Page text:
"It's sobering stuff," Goss says. "We hear about people who want to do lethal damage, and they're already here. They're virtually everywhere."
Eleanor Hill, staff director for the September 11 investigation, says Graham grew more and more agitated after hundreds of hours studying raw intelligence.
"He thought about all this deeply and carefully, and he reached some very disturbing conclusions," Hill says. "When you see the actual threats we're dealing with, it's pretty frightening. You realize how many zealots there are who want to do horrendous things to us, and you realize how vulnerable we are."
In fact, some of Graham's confidants say he was deeply affected by the strain of his intelligence work. "It really got to him," his brother Bill says. "I've never seen him so down. One day, he asked me: Bill, how do you relieve your stress when you're really uptight?" Goss had his own problems. He says he suffered from exhaustion while obsessing about al Qaeda, and suggests that Graham's congenital heart problems may have been exacerbated by stress as well. "I'm not a doctor, but it certainly doesn't surprise me that we both had health problems last year," Goss says. "You can't imagine how hard it was."
Even Adele Graham says her husband, while steady on the surface, was privately haunted by the specter of another attack. "I could see the stress and strain on Bob," she says. "That was a scary time . . . I think it took a toll on him." Adele insisted that he get a full physical before announcing his candidacy, which may have saved his life.
These days, Graham is trying to project presidential vigor after his post-operative convalescence, and he betrays no hints of inner turmoil. "I think I'm freer of anxiety than most people," he says. "I tend to be a fatalist." He hasn't bought duct tape. He hasn't even tested his congressionally issued gas mask.
But in his matter-of-fact manner, he continues to make chilling statements about radioactive "dirty" bombs, nuclear proliferation and the countless variety of unsecured American targets. A few grams of anthrax in a few envelopes emptied his office building for three months; what would a few tons of anthrax in a shipping container do? Terrorists have tried to attack Washington before; why wouldn't they try again? There are thousands of reservoirs and lakes that supply water to Americans; how hard could it be to poison one? There are "significant" numbers of Islamic militants inside the country; what's to stop them from blowing themselves up?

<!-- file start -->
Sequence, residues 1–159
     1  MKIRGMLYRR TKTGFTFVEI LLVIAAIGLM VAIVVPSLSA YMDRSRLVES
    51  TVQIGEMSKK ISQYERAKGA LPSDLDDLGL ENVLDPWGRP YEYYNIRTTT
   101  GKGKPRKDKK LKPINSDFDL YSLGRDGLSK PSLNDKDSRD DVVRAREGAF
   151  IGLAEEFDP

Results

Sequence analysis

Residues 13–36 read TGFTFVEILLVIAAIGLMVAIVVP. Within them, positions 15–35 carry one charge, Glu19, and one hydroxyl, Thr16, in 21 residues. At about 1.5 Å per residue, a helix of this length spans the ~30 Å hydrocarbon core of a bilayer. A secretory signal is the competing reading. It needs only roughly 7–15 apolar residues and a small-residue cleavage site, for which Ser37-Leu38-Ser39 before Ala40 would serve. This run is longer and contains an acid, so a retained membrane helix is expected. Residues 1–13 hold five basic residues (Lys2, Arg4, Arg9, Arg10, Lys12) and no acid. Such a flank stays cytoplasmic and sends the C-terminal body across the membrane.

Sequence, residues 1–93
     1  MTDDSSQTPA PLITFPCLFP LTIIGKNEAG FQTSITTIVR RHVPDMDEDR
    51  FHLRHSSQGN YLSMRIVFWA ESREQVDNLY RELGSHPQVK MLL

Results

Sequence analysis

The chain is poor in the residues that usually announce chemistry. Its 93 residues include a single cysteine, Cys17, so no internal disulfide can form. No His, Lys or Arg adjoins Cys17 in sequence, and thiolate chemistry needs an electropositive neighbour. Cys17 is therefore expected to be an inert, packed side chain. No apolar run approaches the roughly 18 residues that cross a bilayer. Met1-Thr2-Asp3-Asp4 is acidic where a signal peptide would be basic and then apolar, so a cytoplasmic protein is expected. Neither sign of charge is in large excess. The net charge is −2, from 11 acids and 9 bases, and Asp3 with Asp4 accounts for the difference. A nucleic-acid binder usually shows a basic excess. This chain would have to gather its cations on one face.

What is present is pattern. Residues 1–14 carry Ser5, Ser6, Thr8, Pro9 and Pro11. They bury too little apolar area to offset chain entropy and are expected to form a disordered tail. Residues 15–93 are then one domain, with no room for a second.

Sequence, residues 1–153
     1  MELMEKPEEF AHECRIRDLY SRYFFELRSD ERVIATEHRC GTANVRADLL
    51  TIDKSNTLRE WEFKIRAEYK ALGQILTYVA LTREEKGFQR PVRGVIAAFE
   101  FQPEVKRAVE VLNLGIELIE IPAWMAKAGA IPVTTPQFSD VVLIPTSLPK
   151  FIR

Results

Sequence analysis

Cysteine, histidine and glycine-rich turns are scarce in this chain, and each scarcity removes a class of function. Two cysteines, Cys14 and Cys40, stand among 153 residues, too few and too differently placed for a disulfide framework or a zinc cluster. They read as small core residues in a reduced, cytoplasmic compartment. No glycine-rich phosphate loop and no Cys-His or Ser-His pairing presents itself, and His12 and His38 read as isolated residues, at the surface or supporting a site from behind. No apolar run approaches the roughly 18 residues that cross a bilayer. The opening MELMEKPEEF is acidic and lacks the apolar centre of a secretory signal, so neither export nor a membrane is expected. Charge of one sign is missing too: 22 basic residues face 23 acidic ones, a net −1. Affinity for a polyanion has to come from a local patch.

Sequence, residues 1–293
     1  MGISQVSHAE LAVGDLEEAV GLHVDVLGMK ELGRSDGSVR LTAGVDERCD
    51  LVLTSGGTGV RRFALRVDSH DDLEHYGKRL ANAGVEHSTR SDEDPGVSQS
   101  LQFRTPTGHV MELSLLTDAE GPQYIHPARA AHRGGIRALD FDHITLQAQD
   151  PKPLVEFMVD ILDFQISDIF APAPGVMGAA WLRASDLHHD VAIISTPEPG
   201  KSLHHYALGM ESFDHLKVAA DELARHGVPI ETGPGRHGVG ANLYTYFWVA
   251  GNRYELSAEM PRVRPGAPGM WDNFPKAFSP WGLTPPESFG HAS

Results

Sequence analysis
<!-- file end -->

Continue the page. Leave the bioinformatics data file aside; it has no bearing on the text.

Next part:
"I tell people: As you go about your day, look at all the vulnerabilities in your community, your workplace, your home," he says. "Drive under a bridge. Walk into a building . . . My point is it's impossible to secure our homeland without doing away with our liberties."
That's the cheery message Graham has been sharing with his friends. He's encouraged some of them to read The Age of Sacred Terror, a frightening book about the rise of militant Islam. "He's got me scared for my children and grandchildren," says his neighbor and former campaign manager Aaron Podhurst. Arva Moore Parks, a Miami historian and a close friend of the Grahams, says she's never seen Bob so worried. "I wonder: What's got him so frightened? What does he know that I don't know?"
Somewhere deep inside Port Everglades, a gate is open. There is not much inside the gate, just a few hundred empty cargo containers. There is not much outside the gate, just a secure section of Fort Lauderdale's bustling port. But that gate is supposed to be locked. And it is now Sgt. Mike Kallman's job to notice mini-discrepancies like open gates. "I'm not comfortable with this," he says, calling into his radio to grill an underling at the Broward County Sheriff's Office. "I'm all about vigilance."
Of all the things that frighten Bob Graham, seaports frighten him the most. More than 3 million cruise-ship passengers passed through Port Everglades in 2001, and no one knows exactly who they were. More than 2,000 ships unloaded containers at the port, and no one knows exactly what was in them. Port Everglades handles most of South Florida's fuel, but until September 11, port security focused almost exclusively on drugs. It was an open port, and motorists often cut through en route to the beach.
"It's a new world now," says Richard Kolbusz, a U.S. Customs Service official at the port. "We've overhauled every single thing we do. And you know what? We still could be vulnerable."